The vast majority of hypertensive patients are never sought for a cause of their high blood pressure, i.e. for a 'secondary' form of arterial hypertension. This under detection explains why only a tiny percentage of hypertensive patients are ultimately diagnosed with a secondary form of arterial hypertension. The prevalence of these forms is, therefore, markedly underestimated, although, they can involve as many as one-third of the cases among referred patients and up to half of those with difficult to treat hypertension. The early detection of a secondary form is crucial, because if diagnosed in a timely manner, these forms can be cured at long-term, and even when cure cannot be achieved, their diagnosis provides a better control of high blood pressure, and allows prevention of hypertension-mediated organ damage, and related cardiovascular complications. Enormous progress has been made in the understanding, diagnostic work-up, and management of secondary hypertension in the last decades. The aim of this minireview is, therefore, to provide updated concise information on the screening, diagnosis, and management of the most common forms, including primary aldosteronism, renovascular hypertension, pheochromocytoma and paraganglioma, Cushing's syndrome, and obstructive sleep apnea.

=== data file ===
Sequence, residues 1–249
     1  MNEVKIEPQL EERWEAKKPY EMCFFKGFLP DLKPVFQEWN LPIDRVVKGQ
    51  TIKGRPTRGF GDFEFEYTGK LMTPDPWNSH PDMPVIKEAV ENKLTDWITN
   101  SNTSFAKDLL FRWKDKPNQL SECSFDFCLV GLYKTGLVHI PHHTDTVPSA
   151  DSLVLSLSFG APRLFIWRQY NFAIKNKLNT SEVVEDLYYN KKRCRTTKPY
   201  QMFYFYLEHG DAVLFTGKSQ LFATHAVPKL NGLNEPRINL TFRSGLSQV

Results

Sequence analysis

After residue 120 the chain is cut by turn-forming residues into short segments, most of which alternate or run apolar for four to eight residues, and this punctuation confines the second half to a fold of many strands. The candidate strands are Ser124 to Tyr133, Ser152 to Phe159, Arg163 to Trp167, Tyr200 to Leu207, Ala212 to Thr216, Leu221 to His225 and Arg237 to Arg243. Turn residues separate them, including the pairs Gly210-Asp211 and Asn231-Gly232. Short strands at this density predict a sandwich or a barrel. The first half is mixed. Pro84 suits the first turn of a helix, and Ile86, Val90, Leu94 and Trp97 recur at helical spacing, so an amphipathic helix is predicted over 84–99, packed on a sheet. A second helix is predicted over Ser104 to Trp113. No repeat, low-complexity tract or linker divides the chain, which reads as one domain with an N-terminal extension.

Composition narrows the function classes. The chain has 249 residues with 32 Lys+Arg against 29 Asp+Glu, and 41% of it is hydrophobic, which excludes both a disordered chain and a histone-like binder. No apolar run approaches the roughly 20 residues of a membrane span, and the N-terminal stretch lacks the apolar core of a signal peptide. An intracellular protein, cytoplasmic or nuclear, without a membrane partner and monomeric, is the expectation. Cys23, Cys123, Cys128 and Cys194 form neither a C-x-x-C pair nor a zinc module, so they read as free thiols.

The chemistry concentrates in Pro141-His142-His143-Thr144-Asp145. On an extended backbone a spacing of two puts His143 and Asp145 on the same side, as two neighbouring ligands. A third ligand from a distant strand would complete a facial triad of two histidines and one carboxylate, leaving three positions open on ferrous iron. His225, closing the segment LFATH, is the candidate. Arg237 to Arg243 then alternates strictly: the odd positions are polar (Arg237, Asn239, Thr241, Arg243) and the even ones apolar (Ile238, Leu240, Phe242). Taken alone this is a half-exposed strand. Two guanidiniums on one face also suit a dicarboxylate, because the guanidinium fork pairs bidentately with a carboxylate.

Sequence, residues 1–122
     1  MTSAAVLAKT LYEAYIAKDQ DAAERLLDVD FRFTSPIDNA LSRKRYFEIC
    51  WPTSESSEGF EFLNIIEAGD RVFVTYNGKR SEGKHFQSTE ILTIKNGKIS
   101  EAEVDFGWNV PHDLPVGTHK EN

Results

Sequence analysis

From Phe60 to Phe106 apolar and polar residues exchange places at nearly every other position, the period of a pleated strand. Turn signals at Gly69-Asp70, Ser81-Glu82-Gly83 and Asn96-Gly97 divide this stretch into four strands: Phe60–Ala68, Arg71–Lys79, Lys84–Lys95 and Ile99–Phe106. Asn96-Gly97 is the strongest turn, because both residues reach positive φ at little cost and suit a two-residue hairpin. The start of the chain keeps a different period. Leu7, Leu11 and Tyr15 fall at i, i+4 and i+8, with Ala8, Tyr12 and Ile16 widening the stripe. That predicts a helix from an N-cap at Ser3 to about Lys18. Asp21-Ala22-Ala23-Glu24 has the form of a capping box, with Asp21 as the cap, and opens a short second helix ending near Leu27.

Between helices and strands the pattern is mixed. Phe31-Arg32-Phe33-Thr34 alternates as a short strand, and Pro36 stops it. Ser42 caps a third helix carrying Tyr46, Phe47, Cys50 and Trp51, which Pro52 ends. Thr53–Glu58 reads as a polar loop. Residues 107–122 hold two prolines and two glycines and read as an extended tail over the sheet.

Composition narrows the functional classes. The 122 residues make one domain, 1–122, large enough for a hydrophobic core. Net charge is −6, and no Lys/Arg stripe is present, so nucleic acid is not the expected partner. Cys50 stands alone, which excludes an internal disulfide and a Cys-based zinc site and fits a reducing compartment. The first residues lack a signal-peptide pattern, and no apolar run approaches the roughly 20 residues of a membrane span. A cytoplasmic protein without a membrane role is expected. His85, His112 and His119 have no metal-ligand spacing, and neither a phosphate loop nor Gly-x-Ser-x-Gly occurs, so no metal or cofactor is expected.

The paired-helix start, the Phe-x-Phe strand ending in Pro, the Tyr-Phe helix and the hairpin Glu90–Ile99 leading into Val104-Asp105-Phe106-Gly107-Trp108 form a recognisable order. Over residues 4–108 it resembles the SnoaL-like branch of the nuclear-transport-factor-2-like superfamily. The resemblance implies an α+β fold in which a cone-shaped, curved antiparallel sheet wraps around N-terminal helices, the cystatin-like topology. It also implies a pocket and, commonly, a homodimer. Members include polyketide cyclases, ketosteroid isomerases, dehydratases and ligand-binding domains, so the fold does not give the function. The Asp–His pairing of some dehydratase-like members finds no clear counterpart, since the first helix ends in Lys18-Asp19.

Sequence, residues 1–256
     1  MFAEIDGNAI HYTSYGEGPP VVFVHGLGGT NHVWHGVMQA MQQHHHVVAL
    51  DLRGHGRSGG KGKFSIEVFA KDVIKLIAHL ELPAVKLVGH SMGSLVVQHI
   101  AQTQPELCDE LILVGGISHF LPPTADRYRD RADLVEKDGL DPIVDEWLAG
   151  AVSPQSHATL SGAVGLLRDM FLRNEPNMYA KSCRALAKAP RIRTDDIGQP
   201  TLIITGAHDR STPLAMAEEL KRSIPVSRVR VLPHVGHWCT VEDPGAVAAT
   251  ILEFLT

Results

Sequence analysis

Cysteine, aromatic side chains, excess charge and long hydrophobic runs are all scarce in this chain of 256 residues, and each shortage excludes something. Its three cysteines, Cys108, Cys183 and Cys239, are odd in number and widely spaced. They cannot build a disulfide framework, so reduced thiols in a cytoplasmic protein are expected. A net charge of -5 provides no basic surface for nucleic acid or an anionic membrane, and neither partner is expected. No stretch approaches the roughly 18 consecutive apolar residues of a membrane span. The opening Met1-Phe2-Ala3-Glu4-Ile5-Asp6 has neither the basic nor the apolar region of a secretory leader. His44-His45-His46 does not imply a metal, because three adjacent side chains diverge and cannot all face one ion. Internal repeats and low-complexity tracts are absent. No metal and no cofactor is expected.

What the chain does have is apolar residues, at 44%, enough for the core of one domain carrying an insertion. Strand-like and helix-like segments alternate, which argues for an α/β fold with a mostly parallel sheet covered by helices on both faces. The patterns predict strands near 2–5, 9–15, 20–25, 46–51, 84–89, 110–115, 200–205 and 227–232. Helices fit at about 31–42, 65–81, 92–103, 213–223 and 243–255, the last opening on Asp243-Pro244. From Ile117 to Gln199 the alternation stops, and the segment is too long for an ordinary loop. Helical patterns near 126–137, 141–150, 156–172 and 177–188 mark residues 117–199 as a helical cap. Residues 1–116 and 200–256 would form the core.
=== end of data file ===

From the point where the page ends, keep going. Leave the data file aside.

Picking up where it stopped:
Keywords: Cushing’s syndrome; Obstructive sleep apnea; Pheochromocytoma/paraganglioma; Primary aldosteronism; Renovascular hypertension.